This case study explores a dispute about whether a psychological injury sustained in the subject motor accident is a minor injury under Schedule 2 section 2(e) of the Motor Accident Injuries Act 2017 (the Act).
The claimant was in a stationary vehicle that was impacted to the front when a car ran a red light at speed. Police and ambulance attended the accident. The claimant was taken to hospital for observation and later discharged with no significant injuries. The claimant report heightened mental arousal at the time of the accident.
Following the accident, the claimant attended their general practitioner and has been conservatively managed since. At the time of assessment, the claimant was not undergoing active psychiatric treatment.
There is a dispute about whether the injury is a minor injury under Schedule 2 section 2(e) of the Motor Accident Injuries Act 2017 (the Act).
The claimant reported “some anxiety” when travelling as a passenger in a vehicle. Specifically, reporting thoughts of “what could have happened”. The claimant reported a heightened startle reflex and responds excessively to stimuli or triggers.
The claimant noted difficulty sleeping following the accident and lost employment as a result of the injuries suffered in the accident. The assessor notes that the two are likely related as the claimant enjoys video games and, due to the loss of employment, would game into the early hours of the morning. The claimant advised that after securing appropriate employment their sleep schedule returned to normal.
The claimant reported stable weight and their appetite as intact. The claimant confirmed being involved with a number of organisations and social groups which provide frequent social interaction.
The claimant reported a return to driving independently and drives their motorcycle frequently. The claimant was casually dressed and well groomed.
The clinical examination confirmed no cognitive abnormalities. The claimant has been able to successfully secure employment and a stable intimate relationship since the accident.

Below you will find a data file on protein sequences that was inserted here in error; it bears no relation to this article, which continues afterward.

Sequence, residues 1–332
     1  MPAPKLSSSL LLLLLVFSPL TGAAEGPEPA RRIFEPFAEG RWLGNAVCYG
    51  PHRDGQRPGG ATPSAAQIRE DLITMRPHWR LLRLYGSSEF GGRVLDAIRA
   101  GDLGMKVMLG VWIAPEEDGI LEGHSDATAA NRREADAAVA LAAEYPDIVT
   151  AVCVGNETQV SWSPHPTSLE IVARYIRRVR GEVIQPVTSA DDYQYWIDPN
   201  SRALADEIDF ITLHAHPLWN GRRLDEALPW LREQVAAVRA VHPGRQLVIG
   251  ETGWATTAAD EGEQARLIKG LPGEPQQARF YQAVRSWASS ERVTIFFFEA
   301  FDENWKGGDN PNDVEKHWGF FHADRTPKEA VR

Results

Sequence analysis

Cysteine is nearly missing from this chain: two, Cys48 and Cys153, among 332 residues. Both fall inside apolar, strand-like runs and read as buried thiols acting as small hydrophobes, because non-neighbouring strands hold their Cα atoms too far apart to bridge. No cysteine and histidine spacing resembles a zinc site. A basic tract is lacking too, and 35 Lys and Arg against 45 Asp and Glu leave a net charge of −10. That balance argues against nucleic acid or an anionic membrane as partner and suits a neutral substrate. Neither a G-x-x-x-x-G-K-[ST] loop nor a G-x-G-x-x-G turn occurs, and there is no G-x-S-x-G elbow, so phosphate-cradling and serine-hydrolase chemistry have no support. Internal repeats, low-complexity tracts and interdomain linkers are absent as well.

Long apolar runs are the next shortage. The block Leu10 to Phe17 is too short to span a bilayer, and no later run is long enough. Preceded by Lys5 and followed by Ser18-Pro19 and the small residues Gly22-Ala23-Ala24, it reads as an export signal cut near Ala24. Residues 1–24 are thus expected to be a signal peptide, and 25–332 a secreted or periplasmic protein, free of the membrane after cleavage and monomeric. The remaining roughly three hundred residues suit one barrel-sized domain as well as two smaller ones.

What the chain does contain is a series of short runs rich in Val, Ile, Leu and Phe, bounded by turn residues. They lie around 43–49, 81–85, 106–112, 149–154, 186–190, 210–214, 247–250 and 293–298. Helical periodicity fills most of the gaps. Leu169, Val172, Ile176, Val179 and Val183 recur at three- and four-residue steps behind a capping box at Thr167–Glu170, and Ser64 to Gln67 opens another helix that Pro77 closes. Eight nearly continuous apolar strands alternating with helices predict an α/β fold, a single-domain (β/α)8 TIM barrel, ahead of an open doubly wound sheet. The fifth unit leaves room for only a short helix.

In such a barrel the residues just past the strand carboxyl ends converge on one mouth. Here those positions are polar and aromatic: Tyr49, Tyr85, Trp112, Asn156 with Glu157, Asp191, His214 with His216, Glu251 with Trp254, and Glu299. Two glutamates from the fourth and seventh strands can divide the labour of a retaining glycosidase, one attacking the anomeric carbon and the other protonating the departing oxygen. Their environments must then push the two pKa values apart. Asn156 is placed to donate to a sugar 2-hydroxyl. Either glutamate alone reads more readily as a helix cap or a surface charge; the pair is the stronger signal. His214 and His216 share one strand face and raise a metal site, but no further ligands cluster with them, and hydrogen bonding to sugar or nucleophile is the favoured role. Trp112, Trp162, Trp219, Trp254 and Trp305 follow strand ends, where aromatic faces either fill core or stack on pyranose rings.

Review of Documentation
Documentation from the claimant’s treating psychologist provides a diagnosis of residual stress from the accident. This information is countered by the claimant’s insurance organisation indicating that this is not a DSM-V diagnosis.
The daily functioning of the claimant has remained unchanged or possibly increased since the accident. The claimant appears not to have a psychiatric disorder. The diagnosis of the treating psychologist indicates residual stress, which accurately describes the claimant’s symptoms.
Section 1.6(3) of the Act:
A minor psychological or psychiatric injury is a psychological or psychiatric injury that is not a recognised psychiatric illness.
Part 1 clause 4 (2) of the Motor Vehicle Injuries Regulation 2017:
2) Each of the following injuries is included as a minor psychological or psychiatric injury
- a) acute stress disorder
- b) adjustment disorder
3) In this clause, acute stress disorder and adjustment disorder have the same meanings as in the document entitled Diagnostic and Statistical manual of Mental Disorders (DSM-5).
Based on the history provided by the claimant, anxiety has arisen from the accident. The symptoms are not sufficient to be categorised as a psychiatric disorder in the DSM-V. This is consistent with the classification of a minor injury.
The following injury is a minor injury:
- Residual Stress